By Paul Cadman, pro sports coach and manager, sports nutritionist and endurance athlete
Athletes are constantly looking for ways to improve performance. Being fundamentally ‘healthy’ with good habits in place is the starting point, but once these building blocks are set up we can start to look for other opportunities to increase performance. One such opportunity is optimizing mitochondrial function.
Mitochondria are tiny organelles within our cells that play a significant role in achieving peak athletic performance as well as maintaining optimal health. That’s why they’re often touted as the “powerhouse” of the cell. In this article we’ll take a look at two key areas of performance that are tightly governed by how efficiently your mitochondria are functioning: energy production and recovery.
Better energy production
Mitochondria are the linchpin of your body’s energy production, because they create adenosine triphosphate (ATP), the energy currency of your cells. ATP is produced within the mitochondria by a process that combines the food we eat and air we breathe into usable energy for the cell. This long-term metabolic system is reliant on oxygen, carbohydrates and fats to produce energy and is otherwise known as the aerobic pathway.
This metabolic system becomes the dominant form of energy production when exercising for anything over two minutes. As such it plays a significant role in the vast majority of longer duration sports. ATP “shuttles” energy within cells, allowing mechanical work to be performed by the muscles. The more effective mitochondria are at producing ATP, the greater the likelihood of improved performance as an athlete. You’ll literally have more engines powering your system!
When the mitochondria create ATP they produce two by-products, the antioxidant CoQ10 and free radicals. In order to have healthy mitochondria, and therefore good ATP production, these need to be in balance. But aging, poor diets and intense exercise can cause CoQ10 levels to diminish.
A recent study found that daily supplementation of 300mg of ubiquinol (the active form of CoQ10) allowed well-trained cyclists to produce more peak power vs a control group. However, because CoQ10 is produced within the mitochondria as part of the energy production process, it stands to reason that if you’re going to take a CoQ10 supplement either in regular or active form, it needs to be able to get into the mitochondria to be effective. While CoQ10 has shown to have some benefits, limited amounts can be absorbed into the mitochondria because the molecule is too large to effectively penetrate the mitochondrial membrane. In other words, it just doesn’t get to where your body needs it most.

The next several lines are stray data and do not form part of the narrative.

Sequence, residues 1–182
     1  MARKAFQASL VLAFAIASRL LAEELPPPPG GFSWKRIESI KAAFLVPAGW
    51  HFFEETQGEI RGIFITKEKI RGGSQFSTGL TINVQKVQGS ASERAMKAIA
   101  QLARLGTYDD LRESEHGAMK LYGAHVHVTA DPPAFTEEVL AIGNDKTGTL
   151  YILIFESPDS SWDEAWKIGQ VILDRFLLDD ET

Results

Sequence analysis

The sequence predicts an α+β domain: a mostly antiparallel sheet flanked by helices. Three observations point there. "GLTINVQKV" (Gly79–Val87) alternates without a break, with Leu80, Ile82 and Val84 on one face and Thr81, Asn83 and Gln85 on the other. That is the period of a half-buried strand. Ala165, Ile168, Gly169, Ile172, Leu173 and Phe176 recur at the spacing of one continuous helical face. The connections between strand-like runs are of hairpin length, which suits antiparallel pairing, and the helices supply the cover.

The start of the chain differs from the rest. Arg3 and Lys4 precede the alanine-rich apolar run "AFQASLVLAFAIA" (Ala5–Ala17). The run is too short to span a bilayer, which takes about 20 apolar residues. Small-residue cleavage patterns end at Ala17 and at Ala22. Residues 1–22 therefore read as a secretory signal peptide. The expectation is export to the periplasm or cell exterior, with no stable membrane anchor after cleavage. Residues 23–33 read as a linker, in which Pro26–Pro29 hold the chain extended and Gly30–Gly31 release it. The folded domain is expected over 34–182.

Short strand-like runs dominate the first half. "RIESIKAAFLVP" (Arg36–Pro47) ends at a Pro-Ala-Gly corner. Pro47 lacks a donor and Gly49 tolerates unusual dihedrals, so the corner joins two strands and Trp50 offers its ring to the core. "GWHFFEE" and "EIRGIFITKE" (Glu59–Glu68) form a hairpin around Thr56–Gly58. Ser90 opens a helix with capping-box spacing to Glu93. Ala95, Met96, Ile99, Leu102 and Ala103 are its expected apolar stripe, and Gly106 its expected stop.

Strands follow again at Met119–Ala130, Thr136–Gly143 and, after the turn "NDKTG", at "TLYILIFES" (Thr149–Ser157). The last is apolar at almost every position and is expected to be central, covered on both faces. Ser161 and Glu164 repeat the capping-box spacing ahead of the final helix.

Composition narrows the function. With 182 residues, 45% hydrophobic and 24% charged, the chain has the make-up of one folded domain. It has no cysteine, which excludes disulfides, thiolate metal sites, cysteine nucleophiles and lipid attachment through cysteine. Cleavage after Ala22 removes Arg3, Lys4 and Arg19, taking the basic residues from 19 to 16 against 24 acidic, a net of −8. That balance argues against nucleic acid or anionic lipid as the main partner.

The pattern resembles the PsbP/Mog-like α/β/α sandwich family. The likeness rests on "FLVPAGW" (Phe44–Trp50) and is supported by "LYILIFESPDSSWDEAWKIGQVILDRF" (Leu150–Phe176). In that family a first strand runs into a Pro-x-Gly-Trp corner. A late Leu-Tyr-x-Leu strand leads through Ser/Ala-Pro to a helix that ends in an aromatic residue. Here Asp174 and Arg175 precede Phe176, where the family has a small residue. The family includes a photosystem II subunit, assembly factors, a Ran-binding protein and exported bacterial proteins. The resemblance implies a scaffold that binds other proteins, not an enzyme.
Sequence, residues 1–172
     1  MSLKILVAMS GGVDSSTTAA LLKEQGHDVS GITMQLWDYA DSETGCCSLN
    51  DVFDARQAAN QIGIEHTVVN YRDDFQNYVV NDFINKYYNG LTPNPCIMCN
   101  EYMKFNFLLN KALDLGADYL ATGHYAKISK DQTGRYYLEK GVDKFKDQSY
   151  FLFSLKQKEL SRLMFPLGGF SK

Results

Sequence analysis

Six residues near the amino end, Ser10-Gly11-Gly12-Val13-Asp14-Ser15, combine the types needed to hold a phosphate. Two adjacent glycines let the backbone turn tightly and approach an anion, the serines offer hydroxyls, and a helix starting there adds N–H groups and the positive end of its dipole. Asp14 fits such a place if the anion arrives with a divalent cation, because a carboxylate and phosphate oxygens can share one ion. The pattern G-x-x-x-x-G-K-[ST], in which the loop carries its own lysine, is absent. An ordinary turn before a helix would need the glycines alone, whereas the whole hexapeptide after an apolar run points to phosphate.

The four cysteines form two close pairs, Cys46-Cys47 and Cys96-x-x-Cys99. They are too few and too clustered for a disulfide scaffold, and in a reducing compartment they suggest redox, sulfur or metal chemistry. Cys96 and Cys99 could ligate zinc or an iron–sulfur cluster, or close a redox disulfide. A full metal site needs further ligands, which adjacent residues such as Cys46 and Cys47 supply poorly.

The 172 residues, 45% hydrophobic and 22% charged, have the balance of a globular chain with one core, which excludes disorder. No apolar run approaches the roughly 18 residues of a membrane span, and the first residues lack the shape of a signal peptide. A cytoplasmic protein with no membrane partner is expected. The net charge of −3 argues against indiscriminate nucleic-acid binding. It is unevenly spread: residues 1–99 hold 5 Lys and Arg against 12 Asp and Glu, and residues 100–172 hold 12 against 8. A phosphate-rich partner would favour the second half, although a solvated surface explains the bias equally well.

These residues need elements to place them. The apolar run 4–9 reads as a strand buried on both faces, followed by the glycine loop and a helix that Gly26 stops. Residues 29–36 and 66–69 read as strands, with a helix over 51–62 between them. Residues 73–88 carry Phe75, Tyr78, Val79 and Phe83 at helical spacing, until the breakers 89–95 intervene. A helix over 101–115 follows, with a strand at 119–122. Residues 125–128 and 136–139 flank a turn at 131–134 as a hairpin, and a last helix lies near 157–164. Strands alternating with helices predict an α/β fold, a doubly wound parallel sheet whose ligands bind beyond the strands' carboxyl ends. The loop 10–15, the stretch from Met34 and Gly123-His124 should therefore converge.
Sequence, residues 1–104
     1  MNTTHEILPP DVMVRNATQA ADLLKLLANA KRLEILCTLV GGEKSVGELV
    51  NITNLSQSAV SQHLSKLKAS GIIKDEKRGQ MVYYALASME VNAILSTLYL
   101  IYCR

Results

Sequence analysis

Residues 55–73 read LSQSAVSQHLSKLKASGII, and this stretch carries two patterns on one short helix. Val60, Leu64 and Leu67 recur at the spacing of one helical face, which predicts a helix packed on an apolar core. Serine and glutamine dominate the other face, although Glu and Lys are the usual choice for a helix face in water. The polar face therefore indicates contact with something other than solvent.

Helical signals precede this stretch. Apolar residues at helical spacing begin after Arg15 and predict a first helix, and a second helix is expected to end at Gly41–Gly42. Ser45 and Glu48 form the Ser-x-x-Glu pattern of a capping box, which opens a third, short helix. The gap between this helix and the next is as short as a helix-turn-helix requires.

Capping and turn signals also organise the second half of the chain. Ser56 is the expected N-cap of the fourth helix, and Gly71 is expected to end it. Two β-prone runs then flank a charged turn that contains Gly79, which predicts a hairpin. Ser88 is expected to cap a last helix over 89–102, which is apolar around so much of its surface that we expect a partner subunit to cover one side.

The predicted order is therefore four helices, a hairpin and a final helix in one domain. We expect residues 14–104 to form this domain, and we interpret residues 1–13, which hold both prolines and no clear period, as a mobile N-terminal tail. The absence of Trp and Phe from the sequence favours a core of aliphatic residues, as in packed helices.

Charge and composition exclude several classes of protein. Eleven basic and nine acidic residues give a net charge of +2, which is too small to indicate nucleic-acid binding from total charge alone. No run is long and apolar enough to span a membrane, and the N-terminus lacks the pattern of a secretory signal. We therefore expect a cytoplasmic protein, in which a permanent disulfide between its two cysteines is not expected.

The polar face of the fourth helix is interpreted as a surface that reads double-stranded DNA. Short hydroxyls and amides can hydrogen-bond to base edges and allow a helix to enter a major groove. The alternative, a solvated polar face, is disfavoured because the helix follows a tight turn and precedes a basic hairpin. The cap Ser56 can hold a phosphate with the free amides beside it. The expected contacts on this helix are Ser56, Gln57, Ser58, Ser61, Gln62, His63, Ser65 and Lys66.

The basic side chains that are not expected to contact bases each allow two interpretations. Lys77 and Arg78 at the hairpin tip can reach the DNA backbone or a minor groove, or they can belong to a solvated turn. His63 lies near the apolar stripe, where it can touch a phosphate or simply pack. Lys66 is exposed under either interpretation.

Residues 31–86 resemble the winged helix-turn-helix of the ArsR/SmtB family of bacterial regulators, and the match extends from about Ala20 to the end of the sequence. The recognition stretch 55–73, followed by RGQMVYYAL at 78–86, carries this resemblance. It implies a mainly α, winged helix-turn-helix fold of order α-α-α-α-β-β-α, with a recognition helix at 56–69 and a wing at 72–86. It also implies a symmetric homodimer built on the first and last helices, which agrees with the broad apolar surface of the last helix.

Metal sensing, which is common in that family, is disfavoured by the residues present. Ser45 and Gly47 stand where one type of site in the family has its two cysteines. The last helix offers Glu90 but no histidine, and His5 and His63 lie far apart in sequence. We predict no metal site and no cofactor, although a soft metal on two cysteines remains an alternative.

So, if you want this type of supplementation to be the most effective it can be, you need a targeted form of CoQ10 that’s able to get inside the mitochondria. This is why mitoquinol mesylate, MitoQ’s hero world-first ingredient, was developed. MitoQ’s molecule is smaller in size and positively-charged and can therefore penetrate the mitochondrial membrane and be drawn inside up to a thousand times more effectively than regular CoQ10 supplements, including ubiquinol. MitoQ is therefore better able to support your body’s energy needs at source, which is why MitoQ is gaining popularity amongst athletes, who are taking it help boost their energy production, and therefore performance.
Side effects of regular physical training can include muscle damage, inflammation and oxidative stress. Part of the reason this occurs is due to the accumulation of reactive oxygen species (oxygen-containing free radicals, also known as ROS), generated within the mitochondria as part of energy production. One of the adverse impacts of ROS build-up is longer recovery time. However, a key pillar of peak athletic performance is being able to train consistently and frequently over a long period of time, so faster recovery is preferred. If we can recover more fully and quickly allowing frequent appropriate training load, this will play a role in improving performance. As a powerful and highly effective antioxidant, MitoQ can play a significant role in helping to offset the build-up of ROS and ultimately improving the quality of recovery.
Understanding how you are responding to training load is vital. Heart Rate Variability (HRV) is an effective tool to help track the condition of your physiology and how you’re responding to, and recovering from, various stressors, including physical. Because training is a targeted application of stress designed to promote a positive adaptive response, I’d suggest using HRV as a biomarker to help manage and individualize your training program. It will also serve as a means of tracking how MitoQ is helping to improve your recovery.
My MitoQ recovery experience
In early 2020 I competed at the Coast to Coast endurance race in New Zealand, a multi-day adventure race from one side of the country to the other covering cycling, kayak and multi-terrain running. As part of my training toolbox I used MitoQ in the build-up. Anecdotally I experienced heightened recovery and improved efficiency in exercise. This played a significant role in enabling true consistency in training and delivering me to the start line fit, healthy and in great shape. Along with my racing partner we achieved our goal of being first team across the line. A not insignificant achievement considering we were a mixed (male/female) team racing in an open category. My dosage protocol during the three months leading up to the event was 20mg daily then seven days out 60mg daily.